This week I am in Chicago for the American osteopathic Association house of delegates. It’s an invaluable week in which hundreds of osteopathic physicians from around the country come together to discuss public policy. We are able to give recommendations on a wide variety of topics including healthcare, advocacy, and a topic that is near and dear to my heart, exercise and rehabilitation
Recent articles in the Journal of the American Osteopathic Association as well as Self magazine discuss exercise recommendations. We, as Osteopathic Physicians need to know accurate up-to-date information to pass on the appropriate recommendations to our patients.
In general, for optimal health, adults should log at least 150 minutes a week of moderate intensity aerobic activity. It may be decreased to 75 minutes a week of vigorous intensity aerobic activity if you’re able to do that. You should then give yourself a day off between each high intensity training session.
For strength gains, three days of total body resistance training a week, is a great approach. If you want to go to the gym, or work out every day, then you should alternate different muscle groups, aerobic, and resistance strength training. You should be able to allow at least 48 hours hours of rest between training specific muscle groups so they have time to recover.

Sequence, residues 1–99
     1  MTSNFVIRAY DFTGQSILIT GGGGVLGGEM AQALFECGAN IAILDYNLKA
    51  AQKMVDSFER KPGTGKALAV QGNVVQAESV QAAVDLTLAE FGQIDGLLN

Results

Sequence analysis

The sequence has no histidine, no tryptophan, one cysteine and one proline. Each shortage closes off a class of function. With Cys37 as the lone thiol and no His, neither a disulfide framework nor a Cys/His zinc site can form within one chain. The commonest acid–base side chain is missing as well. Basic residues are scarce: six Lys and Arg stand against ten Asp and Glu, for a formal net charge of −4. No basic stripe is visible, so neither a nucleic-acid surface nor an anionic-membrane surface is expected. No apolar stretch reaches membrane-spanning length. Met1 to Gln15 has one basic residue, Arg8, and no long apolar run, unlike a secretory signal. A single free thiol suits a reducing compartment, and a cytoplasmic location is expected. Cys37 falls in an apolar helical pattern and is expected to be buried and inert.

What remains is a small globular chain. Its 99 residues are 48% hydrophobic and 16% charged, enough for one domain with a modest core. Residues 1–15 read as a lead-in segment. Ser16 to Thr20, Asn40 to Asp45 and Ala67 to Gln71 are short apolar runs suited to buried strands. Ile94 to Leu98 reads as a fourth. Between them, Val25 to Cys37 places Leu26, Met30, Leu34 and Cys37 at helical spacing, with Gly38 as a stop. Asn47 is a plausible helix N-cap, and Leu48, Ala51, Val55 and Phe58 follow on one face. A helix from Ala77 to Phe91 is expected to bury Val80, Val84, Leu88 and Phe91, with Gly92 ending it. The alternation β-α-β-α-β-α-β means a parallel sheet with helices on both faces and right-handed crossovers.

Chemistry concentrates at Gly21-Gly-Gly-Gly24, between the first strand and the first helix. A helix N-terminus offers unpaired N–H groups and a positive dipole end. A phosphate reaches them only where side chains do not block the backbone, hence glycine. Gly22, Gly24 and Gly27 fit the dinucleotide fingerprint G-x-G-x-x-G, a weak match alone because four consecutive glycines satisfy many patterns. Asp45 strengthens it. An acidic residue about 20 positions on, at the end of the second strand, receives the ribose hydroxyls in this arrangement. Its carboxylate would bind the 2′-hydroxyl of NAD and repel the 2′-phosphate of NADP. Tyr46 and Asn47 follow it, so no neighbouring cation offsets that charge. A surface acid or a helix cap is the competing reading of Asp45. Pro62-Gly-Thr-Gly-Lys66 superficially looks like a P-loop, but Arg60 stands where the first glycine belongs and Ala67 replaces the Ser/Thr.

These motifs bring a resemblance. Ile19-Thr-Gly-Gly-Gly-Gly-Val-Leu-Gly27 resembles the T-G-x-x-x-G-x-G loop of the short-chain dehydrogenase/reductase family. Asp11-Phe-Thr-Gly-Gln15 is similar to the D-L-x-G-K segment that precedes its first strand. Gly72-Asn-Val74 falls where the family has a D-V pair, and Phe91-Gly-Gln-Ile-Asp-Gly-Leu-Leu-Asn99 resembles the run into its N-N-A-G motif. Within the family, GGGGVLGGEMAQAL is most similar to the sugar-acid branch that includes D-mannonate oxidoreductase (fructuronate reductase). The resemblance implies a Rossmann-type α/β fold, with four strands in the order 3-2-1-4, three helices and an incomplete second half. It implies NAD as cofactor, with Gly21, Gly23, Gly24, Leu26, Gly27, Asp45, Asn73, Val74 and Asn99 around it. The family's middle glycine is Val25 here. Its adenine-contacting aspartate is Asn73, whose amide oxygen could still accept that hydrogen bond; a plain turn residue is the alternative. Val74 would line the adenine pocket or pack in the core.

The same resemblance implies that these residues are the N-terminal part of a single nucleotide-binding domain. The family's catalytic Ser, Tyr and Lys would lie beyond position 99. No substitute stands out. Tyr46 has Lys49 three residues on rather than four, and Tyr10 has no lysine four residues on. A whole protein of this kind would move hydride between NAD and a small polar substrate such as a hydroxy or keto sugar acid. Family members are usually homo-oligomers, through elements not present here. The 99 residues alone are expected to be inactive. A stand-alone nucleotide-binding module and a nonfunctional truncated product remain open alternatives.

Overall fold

Some things just can’t be rushed. Look out for the classic symptoms of overtraining. If you’re constantly revving up your body with too much high intensity work, your central nervous system may get overwhelmed. This may result in poor sleep quality, bad moods, mental status changes as well as digestive difficulties. Try to keep moving throughout the day and change positions but remember to allow your body time to rebuild itself and for each specific high intensity activity there should be at least a 48 hour break before it is repeated.